Outdoor Radio: Nesting Bald Eagles a Conservation Success Story

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Bald Eagle sitting on the nest.

Bald Eagle populations declined in the 20th century nationwide due to loss of habitat, disturbance to nests, and the effects of the pesticide DDT. Laws such as the Clean Water Act, the Endangered Species Act, and a ban on DDT have aided in the recovery of these magnificent birds.

In 2002, the first Vermont eagle nest was discovered after a 60-year absence. However, it wasn’t until 2008 when the first eagle fledgling successfully left its nest in Concord, and then two more nests were confirmed in 2009. Eagle numbers have been steadily increasing since then, giving hope to their full recovery in the near future.

Vermont’s Bald Eagle population continued its recovery in 2017. Twenty-one pairs of adult Bald Eagles successfully produced 35 young in Vermont in 2017, a modern-day record in the state according to the Vermont Fish & Wildlife Department. The species remains on Vermont’s endangered species list, but another strong year of growth has biologists hopeful for their continued recovery.

Wildlife biologist John Buck, of the Vermont Fish and Wildlife Department, joined VCE biologists Sara Zahendra and Kent McFarland at a Bald Eagle nest on the Connecticut River for a conversation about the personality, nesting habits and conservation success story of Bald Eagles in Vermont.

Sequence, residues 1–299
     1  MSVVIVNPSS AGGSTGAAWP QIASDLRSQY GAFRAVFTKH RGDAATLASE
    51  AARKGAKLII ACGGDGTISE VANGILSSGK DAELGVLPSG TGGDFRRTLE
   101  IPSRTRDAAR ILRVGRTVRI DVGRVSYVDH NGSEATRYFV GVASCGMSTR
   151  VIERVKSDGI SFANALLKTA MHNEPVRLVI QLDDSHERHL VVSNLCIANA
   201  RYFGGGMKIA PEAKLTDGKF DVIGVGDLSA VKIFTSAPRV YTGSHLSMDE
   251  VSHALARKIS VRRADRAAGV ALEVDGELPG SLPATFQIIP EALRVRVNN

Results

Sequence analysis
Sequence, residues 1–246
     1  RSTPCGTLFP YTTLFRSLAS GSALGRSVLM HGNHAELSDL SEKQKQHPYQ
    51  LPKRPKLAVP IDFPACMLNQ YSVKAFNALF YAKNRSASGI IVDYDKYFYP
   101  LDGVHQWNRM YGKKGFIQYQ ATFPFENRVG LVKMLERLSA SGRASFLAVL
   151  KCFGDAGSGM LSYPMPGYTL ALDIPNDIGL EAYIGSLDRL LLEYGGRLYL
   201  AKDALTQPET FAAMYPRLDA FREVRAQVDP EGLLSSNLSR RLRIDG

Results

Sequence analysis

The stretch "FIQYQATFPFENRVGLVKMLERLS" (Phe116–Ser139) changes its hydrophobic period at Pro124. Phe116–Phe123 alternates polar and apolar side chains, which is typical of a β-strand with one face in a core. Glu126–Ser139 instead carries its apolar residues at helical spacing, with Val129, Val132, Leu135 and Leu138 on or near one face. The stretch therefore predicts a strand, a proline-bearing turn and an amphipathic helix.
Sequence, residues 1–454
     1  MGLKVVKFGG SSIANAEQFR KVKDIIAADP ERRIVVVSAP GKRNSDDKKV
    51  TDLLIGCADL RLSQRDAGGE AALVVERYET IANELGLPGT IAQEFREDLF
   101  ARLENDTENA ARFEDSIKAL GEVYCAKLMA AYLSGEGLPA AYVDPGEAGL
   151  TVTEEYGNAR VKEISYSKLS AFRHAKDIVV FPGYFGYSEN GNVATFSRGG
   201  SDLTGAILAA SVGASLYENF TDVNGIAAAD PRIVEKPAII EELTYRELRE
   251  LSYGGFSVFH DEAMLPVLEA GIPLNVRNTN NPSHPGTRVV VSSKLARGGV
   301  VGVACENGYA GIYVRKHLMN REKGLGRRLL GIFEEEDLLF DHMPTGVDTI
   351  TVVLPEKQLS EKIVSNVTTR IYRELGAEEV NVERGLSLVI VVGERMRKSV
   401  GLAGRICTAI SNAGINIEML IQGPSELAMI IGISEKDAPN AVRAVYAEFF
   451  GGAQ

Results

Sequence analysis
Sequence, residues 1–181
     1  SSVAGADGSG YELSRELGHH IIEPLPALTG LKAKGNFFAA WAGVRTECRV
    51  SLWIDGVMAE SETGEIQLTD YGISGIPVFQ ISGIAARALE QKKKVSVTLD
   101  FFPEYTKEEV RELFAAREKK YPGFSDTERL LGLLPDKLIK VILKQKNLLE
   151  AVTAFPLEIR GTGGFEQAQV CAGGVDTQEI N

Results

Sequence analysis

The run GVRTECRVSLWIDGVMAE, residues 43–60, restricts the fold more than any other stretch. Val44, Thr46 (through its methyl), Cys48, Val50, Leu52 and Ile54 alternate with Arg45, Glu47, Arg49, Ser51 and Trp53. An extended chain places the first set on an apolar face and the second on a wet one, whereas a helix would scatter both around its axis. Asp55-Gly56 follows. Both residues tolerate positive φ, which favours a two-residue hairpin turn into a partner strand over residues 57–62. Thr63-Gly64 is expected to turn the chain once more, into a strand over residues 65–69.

Listen to the show

 

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IMAGES FROM THE SHOW

John Buck watches the eagle nest while Sara waits for her next turn at the spotting scope.

Its mate arrives with more nesting material.

Outdoor Radio is produced in collaboration with Vermont Public Radio with support from the Jack and Dorothy Byrne Foundation.

 

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Comments (1)

  1. Gretchen says:

    Great show!

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